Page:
Spain’s trade deficit more than doubles in 2022 due to hike in energy imports

By Belén Carreño

MADRID (Reuters) -Spain’s exports grew 23% in 2022 to a record 389 billion euros ($416.50 billion), though the increase did not prevent the trade deficit from doubling to 68 billion euros because of a rise of prices and volumes of energy imports.

Exports of goods and services represented almost 42% of Spain’s gross domestic product (GDP) and were a key driver of the economy’s 5.5% growth in 2022.

The Ukraine invasion upset the dynamics of foreign trade, with companies scrambling to address inflationary pressures and seek new markets and suppliers for commodities after disruptions of trade flows from Russia and Ukraine.

The energy trade deficit accounted for 77% of the overall deficit, at 52.6 billion euros. However, energy imports slowed in the last quarter of the year, reflecting weak domestic demand and slightly lower international prices.

The trade deficit was the deepest since 2009.

Trade increased with almost all regions, except Russia as a result of sanctions, and Ukraine, China and Algeria.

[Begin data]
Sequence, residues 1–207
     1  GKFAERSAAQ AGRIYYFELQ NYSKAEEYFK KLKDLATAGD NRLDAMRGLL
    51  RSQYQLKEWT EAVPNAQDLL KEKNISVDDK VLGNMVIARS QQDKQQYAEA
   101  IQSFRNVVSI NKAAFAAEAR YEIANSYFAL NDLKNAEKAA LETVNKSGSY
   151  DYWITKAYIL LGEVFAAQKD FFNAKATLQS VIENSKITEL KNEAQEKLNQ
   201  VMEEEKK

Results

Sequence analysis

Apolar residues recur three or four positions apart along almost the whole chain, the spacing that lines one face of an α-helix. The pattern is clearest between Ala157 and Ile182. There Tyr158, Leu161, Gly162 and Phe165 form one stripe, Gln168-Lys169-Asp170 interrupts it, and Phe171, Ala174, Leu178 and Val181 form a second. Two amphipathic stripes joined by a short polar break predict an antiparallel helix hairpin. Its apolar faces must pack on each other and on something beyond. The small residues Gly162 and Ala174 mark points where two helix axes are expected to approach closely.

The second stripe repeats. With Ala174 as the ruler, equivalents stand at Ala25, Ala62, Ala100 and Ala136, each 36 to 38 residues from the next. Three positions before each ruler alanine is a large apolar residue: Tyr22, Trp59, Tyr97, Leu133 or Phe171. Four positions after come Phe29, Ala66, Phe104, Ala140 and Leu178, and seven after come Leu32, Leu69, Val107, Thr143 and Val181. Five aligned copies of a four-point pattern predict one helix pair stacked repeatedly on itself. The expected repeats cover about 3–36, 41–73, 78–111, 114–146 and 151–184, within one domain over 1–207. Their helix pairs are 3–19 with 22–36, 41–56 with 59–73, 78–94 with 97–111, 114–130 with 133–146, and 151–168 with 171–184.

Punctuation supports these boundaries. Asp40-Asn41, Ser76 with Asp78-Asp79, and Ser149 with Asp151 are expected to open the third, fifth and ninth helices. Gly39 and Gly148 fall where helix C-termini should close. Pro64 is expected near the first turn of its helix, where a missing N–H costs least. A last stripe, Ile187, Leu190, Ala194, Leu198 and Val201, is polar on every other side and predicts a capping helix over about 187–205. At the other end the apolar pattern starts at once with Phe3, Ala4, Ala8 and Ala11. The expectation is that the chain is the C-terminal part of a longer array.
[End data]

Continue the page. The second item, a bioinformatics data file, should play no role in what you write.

The fall in business with China was prompted by lower pork exports from Spain after the world’s biggest pork consumer overcame an epidemic crisis in its own herd that had forced it to buy meat abroad in 2020 and 2021.

Exports to Algeria have effectively dried up since June, when Algiers blocked Spanish companies’ bank accounts in retaliation for Spain’s new stance towards Western Sahara.

Around one billion euros in exports were lost, according to ministry figures. Spain continued to import gas and oil from Algeria worth 7.6 billion euros, an increase of 60% from previous year.

Exports to Ukraine fell, but imports to Spain of cereals from the war-torn country grew 84% on the previous year.

The increase came after difficulties getting agricultural exports out of the country at the start of the war were resolved by the establishment of a Black Sea corridor in the summer.

($1 = 0.9340 euros)

(Reporting by Joao Manuel Mauricio and Belen Carreño, editing by Inti Landauro and Kim Coghill)